Joseph Stalin ordered the KGB to assassinate the actor because he considered his anti-communist rhetoric a threat to the Soviet Union, the book says, quoting close associates and Orson Welles.
Stalin apparently learned of Wayne's popularity from the Russian film-maker Sergei Gerasimov, who attended a peace conference in New York in 1949. Michael Munn, a film historian and author of John Wayne: The Man Behind the Myth, said Gerasimov told Stalin of Wayne's fervent anti-communist beliefs.
"Stalin decided that he would have him killed," said Munn, who says he was told of the plot by Orson Welles at a dinner in 1983. He said Welles had offered the story without prompting, and that his sources were excellent.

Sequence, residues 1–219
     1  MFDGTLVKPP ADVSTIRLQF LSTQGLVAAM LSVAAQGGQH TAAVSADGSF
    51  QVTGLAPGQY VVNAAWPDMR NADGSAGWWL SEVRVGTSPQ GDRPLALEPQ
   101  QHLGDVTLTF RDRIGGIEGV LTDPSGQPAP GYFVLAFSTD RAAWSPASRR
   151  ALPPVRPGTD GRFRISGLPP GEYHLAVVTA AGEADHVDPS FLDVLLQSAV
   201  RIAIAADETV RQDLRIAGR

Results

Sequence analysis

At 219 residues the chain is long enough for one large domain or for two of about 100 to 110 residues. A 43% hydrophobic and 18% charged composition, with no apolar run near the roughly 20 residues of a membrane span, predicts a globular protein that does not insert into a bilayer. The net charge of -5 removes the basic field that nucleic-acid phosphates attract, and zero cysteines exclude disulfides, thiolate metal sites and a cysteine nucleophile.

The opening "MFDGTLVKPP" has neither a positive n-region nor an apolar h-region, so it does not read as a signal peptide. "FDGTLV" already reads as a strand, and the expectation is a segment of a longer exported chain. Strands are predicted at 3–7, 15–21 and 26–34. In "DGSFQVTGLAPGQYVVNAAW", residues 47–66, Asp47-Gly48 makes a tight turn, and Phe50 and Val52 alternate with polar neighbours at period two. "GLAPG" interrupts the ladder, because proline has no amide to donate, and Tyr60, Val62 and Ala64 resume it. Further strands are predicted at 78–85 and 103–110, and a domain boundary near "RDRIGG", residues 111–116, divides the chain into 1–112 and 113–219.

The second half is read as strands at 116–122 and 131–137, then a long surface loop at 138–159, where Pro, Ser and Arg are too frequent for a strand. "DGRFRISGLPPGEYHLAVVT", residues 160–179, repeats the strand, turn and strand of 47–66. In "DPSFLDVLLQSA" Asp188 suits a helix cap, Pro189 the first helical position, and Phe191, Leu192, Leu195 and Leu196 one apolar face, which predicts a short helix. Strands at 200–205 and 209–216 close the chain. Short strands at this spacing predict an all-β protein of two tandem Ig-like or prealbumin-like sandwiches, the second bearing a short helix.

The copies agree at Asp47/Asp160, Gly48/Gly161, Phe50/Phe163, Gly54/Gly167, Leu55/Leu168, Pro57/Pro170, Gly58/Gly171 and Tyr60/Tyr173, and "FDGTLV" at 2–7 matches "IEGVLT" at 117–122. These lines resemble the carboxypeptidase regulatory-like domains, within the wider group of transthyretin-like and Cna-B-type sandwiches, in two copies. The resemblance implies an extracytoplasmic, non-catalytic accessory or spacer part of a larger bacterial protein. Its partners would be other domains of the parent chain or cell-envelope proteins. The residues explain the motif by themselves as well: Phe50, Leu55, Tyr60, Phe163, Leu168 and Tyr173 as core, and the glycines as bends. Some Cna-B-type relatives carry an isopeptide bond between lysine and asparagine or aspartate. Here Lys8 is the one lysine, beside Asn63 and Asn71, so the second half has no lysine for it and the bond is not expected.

A prominent Russian filmmaker, Alexei Kapler, had told a colleague, Sergei Bondachuk, about the order, and he told Welles.
The book says that Stalin's order was cancelled by his successor, Nikita Khrushchev, after the dictator's death in 1953. The book says Khrushchev told Wayne in a private meeting in 1958: "That was a decision of Stalin during his last five mad years. When Stalin died, I rescinded that order."
Wayne also told Munn about an attempt to kill him by an enemy sniper while he was visiting the troops in Vietnam in 1966.
"One of the snipers was captured," Munn said, "and said there was a price on John's head, put there by Mao Zedong."
Munn said he had gathered the anecdotes over decades of work in the film industry."
now here's a book worth buying...